The Power of Positive Emotions: It's a Matter of Life or Death-Subjective Well-Being and Longevity Over 28 Years in a General Population

Division of Health Promotion and Behavioral Sciences, The University of Texas-Houston, School of Public Health, Houston, TX 77030, USA.
Health Psychology (Impact Factor: 3.59). 01/2010; 29(1):9-19. DOI: 10.1037/a0016767
Source: PubMed

ABSTRACT This study longitudinally examined Subjective Well-Being (SWB) and its components, namely, Positive Feelings (PF, including global life satisfaction [GLS]), domain life satisfaction [DLS], and positive affect [PA]) as well as Negative Feelings (NF) as predictors of longevity in a general population.
Data from the Alameda County Study over 28 years (1965-1993, N = 6856) were analyzed with multivariate Cox Proportional Hazard Models.
Longevity, evaluated by risks of all-cause, natural-cause, and unnatural-cause mortality.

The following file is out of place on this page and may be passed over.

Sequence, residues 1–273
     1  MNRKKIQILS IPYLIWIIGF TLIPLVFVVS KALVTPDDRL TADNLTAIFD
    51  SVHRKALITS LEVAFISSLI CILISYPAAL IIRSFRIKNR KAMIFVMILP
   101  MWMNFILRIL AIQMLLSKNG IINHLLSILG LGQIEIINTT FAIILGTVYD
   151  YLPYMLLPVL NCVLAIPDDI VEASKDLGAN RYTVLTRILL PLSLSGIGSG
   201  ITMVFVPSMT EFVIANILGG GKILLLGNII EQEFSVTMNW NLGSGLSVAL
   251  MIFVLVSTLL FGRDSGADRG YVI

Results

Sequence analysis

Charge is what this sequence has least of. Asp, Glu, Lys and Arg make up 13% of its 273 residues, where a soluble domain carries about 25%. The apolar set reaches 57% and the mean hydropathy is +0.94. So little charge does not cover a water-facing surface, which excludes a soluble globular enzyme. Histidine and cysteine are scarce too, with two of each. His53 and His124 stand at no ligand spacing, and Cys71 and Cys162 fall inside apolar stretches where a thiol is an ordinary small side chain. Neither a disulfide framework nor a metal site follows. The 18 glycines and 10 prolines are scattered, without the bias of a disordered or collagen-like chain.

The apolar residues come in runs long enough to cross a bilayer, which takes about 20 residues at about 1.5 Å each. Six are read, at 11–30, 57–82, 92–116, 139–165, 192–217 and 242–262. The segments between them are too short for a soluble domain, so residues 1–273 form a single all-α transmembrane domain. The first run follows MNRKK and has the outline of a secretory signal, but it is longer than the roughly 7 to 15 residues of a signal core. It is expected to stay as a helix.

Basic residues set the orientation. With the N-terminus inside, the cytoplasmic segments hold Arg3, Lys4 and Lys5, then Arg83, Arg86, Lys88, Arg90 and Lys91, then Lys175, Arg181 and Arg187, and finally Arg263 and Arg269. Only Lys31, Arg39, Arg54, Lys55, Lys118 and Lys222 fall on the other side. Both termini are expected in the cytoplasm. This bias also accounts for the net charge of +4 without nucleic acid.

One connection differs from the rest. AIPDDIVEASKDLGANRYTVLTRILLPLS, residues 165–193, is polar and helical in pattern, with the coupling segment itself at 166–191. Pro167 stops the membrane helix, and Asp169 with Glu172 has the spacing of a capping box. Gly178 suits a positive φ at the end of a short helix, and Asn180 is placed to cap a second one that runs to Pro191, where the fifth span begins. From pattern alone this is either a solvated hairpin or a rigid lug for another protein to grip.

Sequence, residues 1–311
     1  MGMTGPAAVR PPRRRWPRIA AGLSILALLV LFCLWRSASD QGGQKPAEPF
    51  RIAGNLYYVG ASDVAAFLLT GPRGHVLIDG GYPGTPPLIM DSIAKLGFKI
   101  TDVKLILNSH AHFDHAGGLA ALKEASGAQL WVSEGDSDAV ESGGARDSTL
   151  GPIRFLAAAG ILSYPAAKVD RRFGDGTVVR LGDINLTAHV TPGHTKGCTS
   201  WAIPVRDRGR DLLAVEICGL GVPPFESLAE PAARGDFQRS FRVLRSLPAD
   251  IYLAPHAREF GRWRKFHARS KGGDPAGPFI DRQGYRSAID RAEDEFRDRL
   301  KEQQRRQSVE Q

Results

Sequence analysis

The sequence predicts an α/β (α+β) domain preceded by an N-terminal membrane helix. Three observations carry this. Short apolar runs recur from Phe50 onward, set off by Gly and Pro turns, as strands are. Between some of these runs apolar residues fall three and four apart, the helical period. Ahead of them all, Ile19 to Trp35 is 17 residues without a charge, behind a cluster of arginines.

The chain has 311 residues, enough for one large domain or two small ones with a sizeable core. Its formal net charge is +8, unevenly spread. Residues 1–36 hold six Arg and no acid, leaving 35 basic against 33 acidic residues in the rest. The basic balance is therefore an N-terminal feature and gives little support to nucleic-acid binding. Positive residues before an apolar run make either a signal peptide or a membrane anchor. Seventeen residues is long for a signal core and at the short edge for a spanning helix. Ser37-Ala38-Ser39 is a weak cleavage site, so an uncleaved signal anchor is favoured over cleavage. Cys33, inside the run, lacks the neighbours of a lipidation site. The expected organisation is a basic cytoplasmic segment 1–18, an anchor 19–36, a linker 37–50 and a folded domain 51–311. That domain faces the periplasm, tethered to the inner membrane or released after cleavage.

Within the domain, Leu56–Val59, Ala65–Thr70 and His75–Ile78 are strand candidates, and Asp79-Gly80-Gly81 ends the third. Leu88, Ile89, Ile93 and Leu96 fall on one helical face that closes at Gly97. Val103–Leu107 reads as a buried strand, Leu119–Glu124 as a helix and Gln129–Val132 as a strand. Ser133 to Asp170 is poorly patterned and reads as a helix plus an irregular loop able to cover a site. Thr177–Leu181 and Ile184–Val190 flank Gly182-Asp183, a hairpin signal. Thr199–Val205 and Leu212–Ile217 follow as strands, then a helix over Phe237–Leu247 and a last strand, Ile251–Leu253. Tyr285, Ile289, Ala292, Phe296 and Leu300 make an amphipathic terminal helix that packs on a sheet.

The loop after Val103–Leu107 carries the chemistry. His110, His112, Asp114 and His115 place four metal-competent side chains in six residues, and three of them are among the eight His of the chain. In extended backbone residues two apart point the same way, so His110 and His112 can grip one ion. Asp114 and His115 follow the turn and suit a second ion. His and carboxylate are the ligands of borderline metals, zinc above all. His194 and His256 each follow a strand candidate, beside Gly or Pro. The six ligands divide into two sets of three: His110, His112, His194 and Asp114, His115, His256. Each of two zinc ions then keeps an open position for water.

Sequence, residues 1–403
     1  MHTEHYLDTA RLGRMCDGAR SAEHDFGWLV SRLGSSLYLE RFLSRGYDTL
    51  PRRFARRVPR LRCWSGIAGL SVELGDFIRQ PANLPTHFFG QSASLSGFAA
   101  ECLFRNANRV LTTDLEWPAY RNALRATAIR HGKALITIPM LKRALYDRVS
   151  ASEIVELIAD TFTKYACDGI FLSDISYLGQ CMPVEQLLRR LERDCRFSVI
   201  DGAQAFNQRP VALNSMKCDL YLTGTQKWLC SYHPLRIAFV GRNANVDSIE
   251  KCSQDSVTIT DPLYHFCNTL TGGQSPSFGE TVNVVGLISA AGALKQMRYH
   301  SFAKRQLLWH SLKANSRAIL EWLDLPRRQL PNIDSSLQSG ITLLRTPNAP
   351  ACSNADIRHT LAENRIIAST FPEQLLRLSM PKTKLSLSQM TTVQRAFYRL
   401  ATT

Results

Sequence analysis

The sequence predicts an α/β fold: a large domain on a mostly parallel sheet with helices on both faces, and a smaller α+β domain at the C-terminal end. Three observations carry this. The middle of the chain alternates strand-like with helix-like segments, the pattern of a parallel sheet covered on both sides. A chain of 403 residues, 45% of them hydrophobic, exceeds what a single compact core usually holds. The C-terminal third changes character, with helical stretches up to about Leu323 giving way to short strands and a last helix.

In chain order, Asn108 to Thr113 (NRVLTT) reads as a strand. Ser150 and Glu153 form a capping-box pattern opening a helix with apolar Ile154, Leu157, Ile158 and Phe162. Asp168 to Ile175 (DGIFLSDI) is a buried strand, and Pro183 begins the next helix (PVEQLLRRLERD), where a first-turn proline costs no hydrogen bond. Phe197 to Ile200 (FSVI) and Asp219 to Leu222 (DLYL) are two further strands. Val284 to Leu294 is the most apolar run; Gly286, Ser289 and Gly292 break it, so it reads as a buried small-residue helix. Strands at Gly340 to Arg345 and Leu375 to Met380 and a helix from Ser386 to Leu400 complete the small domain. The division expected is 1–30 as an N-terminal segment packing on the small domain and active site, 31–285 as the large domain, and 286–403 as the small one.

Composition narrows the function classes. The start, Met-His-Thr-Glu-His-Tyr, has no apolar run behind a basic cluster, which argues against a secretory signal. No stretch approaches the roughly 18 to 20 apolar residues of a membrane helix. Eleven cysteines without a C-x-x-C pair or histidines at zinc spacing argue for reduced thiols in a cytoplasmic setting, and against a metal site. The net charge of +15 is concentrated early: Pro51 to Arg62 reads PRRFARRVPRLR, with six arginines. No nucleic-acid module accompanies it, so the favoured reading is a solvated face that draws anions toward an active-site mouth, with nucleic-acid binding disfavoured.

After demographic and baseline health covariates were controlled, SWB, PF, GLS, and DLS significantly predicted lowered risks of all-cause and natural-cause mortality (Relative Risk per unit predictor increase [RR] ranged .904-.989, p values ranged .000-.05). SWB, PF, and GLS also significantly predicted lowered risk of unnatural-cause mortality (RR ranged .862-.961, p values ranged .014-.05). These associations seemed partially or completely mediated by social networks. The associations were also found separately in younger (<55 in age) and/or older (>or=55) subsamples, and were especially salient in the healthy subsample. However, NF showed no associations with the mortality outcomes.
SWB and its various positive components, but not NF, significantly predict longevity in the general population.

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